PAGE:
“Archive” is a free reproduction of the mausoleum in the town of Port Bou, Spain. Port Bou is a border town in the North -East part of Spain on the border with France. Walter Benjamin died there in 1940 in unusual circumstances (suicide or some kind of accident) while trying to escape from the Nazis. He was buried in the local cemetery in Port Bou, but outside of the cemetery’s fence. As his burial place was marked with a headstone, it is possible to locate his grave.
The mausoleum in the local cemetery in Port Bou has a spectacular facade. The dead are buried in ground-level rows and, above those rows, on several levels. The only part, which is exposed to the viewer, is a niche of very limited space. There is no presence, whatsoever, of the full size of the deceased. The facade covers the contents. In every niche there is a very limited space. In this space, marble plaques can be placed with a deceased’s name, perhaps flowers or other items. Some of the flowers that are placed in the niches are artificial.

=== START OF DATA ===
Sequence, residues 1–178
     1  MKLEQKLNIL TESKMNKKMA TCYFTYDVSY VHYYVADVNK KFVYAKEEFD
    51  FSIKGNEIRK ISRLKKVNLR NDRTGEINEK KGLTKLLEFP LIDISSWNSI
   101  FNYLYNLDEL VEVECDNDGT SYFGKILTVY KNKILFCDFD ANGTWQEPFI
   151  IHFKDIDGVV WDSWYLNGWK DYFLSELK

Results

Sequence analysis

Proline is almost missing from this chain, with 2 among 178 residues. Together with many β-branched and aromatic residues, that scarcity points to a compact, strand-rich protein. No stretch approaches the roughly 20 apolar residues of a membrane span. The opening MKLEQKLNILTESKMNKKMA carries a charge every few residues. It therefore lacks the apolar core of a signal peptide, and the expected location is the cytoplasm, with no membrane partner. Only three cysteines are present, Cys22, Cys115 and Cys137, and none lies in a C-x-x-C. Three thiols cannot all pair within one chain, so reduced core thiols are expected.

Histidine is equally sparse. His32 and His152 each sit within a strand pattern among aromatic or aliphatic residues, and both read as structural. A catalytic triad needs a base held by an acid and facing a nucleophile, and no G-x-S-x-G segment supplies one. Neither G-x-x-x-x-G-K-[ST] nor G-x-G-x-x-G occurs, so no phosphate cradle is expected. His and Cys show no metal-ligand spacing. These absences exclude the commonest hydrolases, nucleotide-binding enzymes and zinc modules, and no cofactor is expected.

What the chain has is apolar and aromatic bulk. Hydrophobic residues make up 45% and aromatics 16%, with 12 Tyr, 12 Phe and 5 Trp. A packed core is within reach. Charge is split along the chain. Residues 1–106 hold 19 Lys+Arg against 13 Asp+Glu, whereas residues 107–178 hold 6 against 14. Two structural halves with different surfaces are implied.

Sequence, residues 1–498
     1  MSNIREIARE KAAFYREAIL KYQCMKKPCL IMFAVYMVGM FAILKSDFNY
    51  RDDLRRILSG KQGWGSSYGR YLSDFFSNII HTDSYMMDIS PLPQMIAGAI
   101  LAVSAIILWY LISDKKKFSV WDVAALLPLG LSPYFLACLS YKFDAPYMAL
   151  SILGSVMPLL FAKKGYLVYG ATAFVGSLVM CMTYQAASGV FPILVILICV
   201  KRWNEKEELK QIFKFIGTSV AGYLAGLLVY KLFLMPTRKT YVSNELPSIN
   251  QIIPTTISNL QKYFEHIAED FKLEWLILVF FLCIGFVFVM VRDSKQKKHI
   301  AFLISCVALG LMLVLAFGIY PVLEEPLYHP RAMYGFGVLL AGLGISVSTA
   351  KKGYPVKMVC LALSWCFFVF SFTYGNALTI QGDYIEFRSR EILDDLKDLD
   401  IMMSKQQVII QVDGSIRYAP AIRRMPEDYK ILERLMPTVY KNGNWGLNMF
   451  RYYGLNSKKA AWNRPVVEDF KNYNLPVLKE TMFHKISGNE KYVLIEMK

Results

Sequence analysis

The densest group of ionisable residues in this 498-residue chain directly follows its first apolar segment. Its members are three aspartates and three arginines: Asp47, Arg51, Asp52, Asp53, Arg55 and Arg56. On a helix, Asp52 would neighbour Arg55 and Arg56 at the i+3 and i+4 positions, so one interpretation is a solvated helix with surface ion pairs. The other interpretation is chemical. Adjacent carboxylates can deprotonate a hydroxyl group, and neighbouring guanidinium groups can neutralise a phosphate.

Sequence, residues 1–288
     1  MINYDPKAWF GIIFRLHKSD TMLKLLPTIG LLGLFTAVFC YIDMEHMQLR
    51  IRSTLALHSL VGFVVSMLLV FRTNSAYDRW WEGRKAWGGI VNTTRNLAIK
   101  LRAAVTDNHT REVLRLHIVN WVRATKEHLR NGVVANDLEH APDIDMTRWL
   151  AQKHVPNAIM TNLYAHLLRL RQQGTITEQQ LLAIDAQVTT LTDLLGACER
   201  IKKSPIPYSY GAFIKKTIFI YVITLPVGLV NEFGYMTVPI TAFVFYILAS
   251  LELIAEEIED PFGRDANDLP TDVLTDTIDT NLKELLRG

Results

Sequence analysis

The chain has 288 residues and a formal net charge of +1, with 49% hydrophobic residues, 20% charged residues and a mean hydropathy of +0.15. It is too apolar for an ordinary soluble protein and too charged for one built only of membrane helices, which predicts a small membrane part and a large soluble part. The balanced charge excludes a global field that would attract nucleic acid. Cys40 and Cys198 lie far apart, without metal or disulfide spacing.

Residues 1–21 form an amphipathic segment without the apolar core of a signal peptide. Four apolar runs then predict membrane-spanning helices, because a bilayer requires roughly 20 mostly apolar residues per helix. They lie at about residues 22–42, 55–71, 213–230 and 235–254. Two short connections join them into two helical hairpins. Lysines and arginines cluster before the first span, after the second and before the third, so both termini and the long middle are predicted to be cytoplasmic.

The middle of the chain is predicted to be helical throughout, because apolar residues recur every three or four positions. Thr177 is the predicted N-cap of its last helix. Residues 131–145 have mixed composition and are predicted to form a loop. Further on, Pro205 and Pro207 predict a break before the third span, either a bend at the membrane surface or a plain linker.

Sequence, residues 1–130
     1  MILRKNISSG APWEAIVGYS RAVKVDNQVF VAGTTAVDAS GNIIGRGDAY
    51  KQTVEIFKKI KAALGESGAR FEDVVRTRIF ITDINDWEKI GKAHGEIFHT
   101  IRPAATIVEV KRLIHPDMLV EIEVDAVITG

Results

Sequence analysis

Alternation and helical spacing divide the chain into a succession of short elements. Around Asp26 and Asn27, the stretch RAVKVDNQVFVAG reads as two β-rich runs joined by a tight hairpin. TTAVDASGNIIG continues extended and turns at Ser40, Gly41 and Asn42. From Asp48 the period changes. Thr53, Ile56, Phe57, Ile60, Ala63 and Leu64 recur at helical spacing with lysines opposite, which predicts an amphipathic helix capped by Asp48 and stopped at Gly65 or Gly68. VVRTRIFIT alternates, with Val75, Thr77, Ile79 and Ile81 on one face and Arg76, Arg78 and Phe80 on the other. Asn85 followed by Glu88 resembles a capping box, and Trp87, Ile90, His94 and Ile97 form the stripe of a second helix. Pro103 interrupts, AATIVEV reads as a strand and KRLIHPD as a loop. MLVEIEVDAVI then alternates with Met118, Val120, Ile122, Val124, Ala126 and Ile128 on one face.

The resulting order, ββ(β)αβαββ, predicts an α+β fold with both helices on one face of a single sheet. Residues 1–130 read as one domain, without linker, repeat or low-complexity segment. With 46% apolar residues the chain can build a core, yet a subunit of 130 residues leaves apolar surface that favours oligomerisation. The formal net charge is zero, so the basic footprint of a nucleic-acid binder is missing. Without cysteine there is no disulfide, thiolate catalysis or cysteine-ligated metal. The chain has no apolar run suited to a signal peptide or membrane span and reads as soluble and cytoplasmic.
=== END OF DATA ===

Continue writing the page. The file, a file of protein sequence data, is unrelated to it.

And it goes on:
It is the sort of place which Walter Benjamin would have been happy to be buried “outside of”, I supposed.
“Archive” is a reproduction, which takes to the extreme the characteristic of the source: the facade has nothing behind it. It is empty of content. The item is the niches (Formica, imitation marble, artificial flowers and other elements) are all images produced by means of technical reproduction. This work is a link in the mausoleum project on which I have been working for many years. It is a kind of mausoleum within a mausoleum. The contents of the niches are parts that were left over from previous works, and have accumulated over the years. All of them create a gap between the source and the reproduction. “Archive” is a kind of inventory of my previous work and replaces some of that work in a more accurate context.
The work has an Israeli aspect to it: the Israeli artist, Danny Karavan, created a monument commemorating Walter Benjamin close to the Benjamin’s burial place. “Archive” is also dedicated to Walter Benjamin and can be seen as a sort of monument. It is a monument whose continued existence is doubtful, even in the short run.